For many reasons, lawyering has evolved. Remember when your family doctor, the local GP, knew and did everything? Today they are all medical specialists and are questioned and second-guessed by many patients. Attorneys are the same, and most realize they don’t have all the answers. Working in concert with clients is not frowned upon.
Where do you Start?
Like it or not, for health and survival you need your doctor, and your business needs an attorney. The first step is choosing the right attorney for your industry, business, and legal needs.
Find the best person for the job by:
- Interviewing several. Tell them what you’re doing, request a no-cost meeting, and pay attention to their “fit” with you and your business style.
- Asking about their areas of specialization and how they can get you other expertise when you need it. Make sure you understand what “privilege” means.
- Inquiring about the office staff – is there a back-up team for an urgent matter?
- Discussing fees and flat-fee options for certain work like contract reviews. Are they open, flexible, and even pro-active in helping you manage costs? Insist on regular billing – not a huge whack six months down the road.
Getting Down to Work
- Once you’re comfortable and think the relationship can work, explain your business in depth and your risk concerns.
- To address your legal needs, I recommend you ask them for ideas from their experience before telling them what you think you need.
- Ask how they have handled these issues for others – get “real” stories and examples.
- Ask how they handle disagreements with clients. Do they use a written service agreement? You want an advisor who works with you, doesn’t tell you just what you want to hear, or gives ultimatums.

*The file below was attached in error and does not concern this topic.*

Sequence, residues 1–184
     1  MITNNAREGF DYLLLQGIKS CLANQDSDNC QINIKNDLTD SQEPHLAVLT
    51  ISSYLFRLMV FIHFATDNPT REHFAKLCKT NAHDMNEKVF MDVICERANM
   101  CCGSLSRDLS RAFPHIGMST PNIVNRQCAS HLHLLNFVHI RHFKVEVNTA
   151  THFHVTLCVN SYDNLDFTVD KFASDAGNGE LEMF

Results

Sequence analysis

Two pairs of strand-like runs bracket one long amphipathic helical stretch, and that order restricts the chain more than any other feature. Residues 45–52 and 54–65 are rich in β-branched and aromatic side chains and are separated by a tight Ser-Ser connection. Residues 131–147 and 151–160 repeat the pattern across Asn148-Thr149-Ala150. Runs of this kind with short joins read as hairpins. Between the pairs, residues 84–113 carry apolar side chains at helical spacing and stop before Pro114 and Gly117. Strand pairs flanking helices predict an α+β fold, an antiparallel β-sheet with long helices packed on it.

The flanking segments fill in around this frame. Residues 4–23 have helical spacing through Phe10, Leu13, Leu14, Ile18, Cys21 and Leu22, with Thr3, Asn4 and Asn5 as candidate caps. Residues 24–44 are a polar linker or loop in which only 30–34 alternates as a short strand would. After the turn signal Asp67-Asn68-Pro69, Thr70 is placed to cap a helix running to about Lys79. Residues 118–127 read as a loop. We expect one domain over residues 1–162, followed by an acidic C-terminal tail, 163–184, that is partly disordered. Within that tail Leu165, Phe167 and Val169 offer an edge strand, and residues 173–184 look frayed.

Address Future Issues
- What could come up to derail all your plans? Raise issues now while everyone’s friendly. Be open and brutally honest about you and any potential problems.
- Will they take an active role in learning about you and your business? How do they charge for that learning curve?
- Can you create a plan to prevent a legal emergency? Will they accept a heads-up email that something’s coming up and work with your schedule?
- How will they make sure you have complete understanding of their guidance or recommendation? Can they provide a legal dictionary and a lower paid clerk to clarify or explain a complex or obscure remark?
You should also quiz them on whether they’re willing to have a general discussion meeting at no charge once or twice a year. Ask them to lunch, then learn about legal trends that could impact you, contract revisions to better protect all parties, etc.
Anything you can do to proactively manage the relationship will be good for you and your attorney. You need someone you trust, respect, and enjoy doing business with. With some focus and discipline it’s easy to train your attorney – and yourself – to get the best for your business and peace of mind
Call or email Charles (510-685-3883 | firstname.lastname@example.org) if you need more details or have a unique situation – there’s no obligation.